The Wayne Swan’s tax summit is on this week, but areas of urgent reform and pivotal taxes like the GST aren’t even on the agenda.
So can we expect much to come of it? Read what Ben Eltham has to say, first published in New Matilda here
The Australian government is holding a two day tax summit, starting today in Canberra. Hundreds of tax experts and policy wonks from universities, corporations, accounting firms, lobby groups and unions will gather to discuss the structure of Australia’s tax and transfer system and the possibilities for reform.
There have already been a large number of submissions made. One of the most interesting is that the government implement one of the Henry Review’s recommendations (number 134) to fund a full-time academic research centre that will generate non-partisan taxation research.
Tax is a perennial issue in any political discussion. This tax summit is itself a recommendation of the 2020 Summit in 2008, and just last year former Treasury Secretary Ken Henry delivered a massive report into Australia’s “future tax system”. That report turned out to be a vastly impressive and politically improbable blueprint for reform; Kevin Rudd and Wayne Swan promptly ruled out most of the important reforms almost immediately.
This time around, the Treasurer has taken a proactive approach and ruled out most of the useful areas of discussion before the forum even convened. The Government is not interested in hearing about changes to the GST, to the carbon tax, the mining tax, or even to alcohol excise. Moreover, any recommendations must be revenue neutral, so the debate is not going to address the really important issues around the adequacy of Australia’s revenue base.
The truth is that Australia is a low tax nation. The Howard government delivered hundreds of billions of dollars of personal income tax cuts on the back of elevated corporate tax takings at the height of the 2000s boom. The Rudd government followed suit, promising to match Peter Costello’s huge tax cut commitment at the 2007 election and continuing to deliver tax cuts in the years afterward. Under Wayne Swan, the federal government still brings in less revenue as a percentage of GDP than during the last term of John Howard’s government (not that you would know from the chorus of critics charging that Labor is addicted to increasing taxes).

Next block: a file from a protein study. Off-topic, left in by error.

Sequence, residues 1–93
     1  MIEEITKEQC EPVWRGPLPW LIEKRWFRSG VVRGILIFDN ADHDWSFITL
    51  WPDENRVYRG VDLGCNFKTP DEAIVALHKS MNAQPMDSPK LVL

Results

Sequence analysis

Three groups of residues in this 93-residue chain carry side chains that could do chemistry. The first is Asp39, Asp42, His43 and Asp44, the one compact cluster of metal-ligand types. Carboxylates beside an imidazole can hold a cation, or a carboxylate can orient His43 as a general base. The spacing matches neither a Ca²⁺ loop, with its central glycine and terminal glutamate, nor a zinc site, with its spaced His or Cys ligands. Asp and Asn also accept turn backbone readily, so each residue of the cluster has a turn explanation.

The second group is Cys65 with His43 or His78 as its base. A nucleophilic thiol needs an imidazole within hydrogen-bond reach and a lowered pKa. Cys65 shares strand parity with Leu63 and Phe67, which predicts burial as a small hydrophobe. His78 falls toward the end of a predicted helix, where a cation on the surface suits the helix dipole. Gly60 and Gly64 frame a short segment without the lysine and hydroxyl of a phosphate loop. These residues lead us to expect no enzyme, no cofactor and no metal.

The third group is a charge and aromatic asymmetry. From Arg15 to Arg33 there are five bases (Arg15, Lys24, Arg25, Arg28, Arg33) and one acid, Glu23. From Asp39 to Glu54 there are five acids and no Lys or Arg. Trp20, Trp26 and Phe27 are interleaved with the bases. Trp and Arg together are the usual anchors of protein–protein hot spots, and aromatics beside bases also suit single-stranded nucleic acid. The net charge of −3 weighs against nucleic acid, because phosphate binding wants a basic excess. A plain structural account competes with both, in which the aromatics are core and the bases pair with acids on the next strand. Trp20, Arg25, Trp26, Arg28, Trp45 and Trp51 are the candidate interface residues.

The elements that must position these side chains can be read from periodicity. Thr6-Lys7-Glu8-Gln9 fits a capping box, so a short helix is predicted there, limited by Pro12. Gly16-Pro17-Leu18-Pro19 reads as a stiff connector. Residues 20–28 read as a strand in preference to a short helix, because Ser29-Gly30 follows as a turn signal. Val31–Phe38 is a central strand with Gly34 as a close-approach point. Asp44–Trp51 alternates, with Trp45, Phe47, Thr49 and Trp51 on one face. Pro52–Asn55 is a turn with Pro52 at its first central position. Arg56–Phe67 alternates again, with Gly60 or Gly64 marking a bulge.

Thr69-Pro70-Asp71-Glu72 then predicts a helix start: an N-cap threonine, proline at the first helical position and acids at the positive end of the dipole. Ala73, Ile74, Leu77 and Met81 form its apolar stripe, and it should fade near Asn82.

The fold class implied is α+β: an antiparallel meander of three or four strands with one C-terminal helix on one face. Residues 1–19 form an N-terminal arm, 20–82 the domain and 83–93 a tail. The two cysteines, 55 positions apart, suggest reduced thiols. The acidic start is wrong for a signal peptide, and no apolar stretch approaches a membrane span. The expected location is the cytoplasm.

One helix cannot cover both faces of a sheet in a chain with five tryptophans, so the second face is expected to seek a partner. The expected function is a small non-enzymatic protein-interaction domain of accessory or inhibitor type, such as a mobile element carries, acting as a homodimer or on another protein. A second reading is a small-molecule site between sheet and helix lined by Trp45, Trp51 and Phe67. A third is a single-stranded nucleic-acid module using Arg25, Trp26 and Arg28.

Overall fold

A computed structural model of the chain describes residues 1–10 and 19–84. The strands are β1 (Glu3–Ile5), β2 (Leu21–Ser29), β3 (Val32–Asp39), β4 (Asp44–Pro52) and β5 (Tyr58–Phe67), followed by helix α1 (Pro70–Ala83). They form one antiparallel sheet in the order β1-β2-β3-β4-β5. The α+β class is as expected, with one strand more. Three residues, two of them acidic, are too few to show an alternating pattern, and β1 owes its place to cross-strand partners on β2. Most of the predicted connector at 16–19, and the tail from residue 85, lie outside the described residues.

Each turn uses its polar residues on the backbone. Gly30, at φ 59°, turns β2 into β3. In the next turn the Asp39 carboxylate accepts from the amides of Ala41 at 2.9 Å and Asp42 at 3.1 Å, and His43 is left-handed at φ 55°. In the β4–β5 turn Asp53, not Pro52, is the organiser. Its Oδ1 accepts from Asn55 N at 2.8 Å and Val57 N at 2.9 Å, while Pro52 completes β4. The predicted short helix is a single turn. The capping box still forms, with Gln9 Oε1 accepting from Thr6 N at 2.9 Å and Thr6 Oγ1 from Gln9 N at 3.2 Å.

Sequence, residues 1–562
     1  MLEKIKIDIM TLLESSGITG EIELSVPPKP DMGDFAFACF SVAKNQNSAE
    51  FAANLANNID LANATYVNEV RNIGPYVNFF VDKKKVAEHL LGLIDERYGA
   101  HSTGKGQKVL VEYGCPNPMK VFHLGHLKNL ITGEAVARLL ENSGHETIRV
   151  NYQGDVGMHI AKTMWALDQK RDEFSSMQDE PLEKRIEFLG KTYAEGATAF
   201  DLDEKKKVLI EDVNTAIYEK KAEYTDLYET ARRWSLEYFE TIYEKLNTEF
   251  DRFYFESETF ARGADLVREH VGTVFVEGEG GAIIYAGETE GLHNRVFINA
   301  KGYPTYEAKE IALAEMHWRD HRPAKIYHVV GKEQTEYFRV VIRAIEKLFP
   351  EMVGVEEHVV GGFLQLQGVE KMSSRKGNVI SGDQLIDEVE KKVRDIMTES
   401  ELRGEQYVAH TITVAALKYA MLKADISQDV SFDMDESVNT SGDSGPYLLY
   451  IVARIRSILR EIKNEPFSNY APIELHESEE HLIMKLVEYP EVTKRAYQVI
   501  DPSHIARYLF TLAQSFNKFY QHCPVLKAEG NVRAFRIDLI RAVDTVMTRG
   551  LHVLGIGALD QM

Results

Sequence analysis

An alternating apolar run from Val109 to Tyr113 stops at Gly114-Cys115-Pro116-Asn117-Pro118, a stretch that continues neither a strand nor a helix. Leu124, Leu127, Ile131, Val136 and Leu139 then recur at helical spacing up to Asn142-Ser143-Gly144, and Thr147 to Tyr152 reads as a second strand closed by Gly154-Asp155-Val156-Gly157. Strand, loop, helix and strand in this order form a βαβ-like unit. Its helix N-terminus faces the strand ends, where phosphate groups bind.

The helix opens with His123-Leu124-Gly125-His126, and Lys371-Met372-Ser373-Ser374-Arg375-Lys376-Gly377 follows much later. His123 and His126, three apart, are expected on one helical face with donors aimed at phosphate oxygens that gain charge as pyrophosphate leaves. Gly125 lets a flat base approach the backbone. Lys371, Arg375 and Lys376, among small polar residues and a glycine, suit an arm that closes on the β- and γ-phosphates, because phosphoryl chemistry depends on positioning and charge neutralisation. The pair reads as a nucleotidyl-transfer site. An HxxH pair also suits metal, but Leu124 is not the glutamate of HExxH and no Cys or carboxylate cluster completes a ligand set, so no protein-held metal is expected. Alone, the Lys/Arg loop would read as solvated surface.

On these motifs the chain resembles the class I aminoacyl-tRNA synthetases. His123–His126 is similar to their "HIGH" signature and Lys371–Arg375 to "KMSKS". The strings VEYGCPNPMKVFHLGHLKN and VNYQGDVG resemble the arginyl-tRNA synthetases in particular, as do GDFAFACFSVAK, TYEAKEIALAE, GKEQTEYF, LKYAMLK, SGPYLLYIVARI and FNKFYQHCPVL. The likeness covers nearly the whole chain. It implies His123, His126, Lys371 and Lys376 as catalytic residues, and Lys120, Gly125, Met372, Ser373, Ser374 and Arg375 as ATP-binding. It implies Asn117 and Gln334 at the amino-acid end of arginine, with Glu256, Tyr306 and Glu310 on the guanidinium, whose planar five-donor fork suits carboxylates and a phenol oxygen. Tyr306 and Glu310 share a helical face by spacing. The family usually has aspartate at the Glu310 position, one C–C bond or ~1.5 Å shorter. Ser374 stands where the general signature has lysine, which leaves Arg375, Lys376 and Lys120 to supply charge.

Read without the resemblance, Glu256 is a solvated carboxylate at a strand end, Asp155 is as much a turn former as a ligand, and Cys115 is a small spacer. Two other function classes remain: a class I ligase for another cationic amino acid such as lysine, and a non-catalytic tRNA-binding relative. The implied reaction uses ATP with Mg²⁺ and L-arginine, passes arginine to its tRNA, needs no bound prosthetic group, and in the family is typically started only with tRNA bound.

But Australia can’t stay a low tax nation and maintain the sorts of public services we take for granted. Health costs generally rise faster than those in the rest of the economy, so even though Australia’s world-beating public health system is highly cost-effective compared to more privatised health systems in other countries, Medicare and the PBS will continue to cost more and more.
Australia’s aging population also poses big challenges for healthcare, not to mention government spending in areas like pensions, aged care and community services. And if we want our economy to keep growing, we’re going to have to invest in enhancing our dwindling productivity levels through more spending in research and development and higher education. None of this comes cheap.
On the other hand, Australia’s current tax system contains vast concessions, carve-outs and special perks for various interest groups and activities. Many of these loopholes are hugely unfair. Superannuation is a case in point: superannuation contributions are taxed at 15 per cent, so low-income earners earning below the tax-free threshold actually pay more tax on their super than they do on their ordinary income. By contrast, super-rich executives earning millions get a big discount, as they would normally pay 45 per cent on their salary.
The other area of vast inequality is housing. Australia’s tax concessions to landlords for negative gearing encourage them to record a nominal loss on their rental income in order to gain a tax offset. According to a submission to the tax summit by the Equality Rights Alliance, negative gearing does little to help low-income renters, but represents more than $5 billion in annual subsidies to landlords. The value of the concession accrues disproportionately to high-income earners, as it can be used as an income tax offset — hence, high-income earners in the 45 per cent bracket get a larger tax offset than middle and low income earners.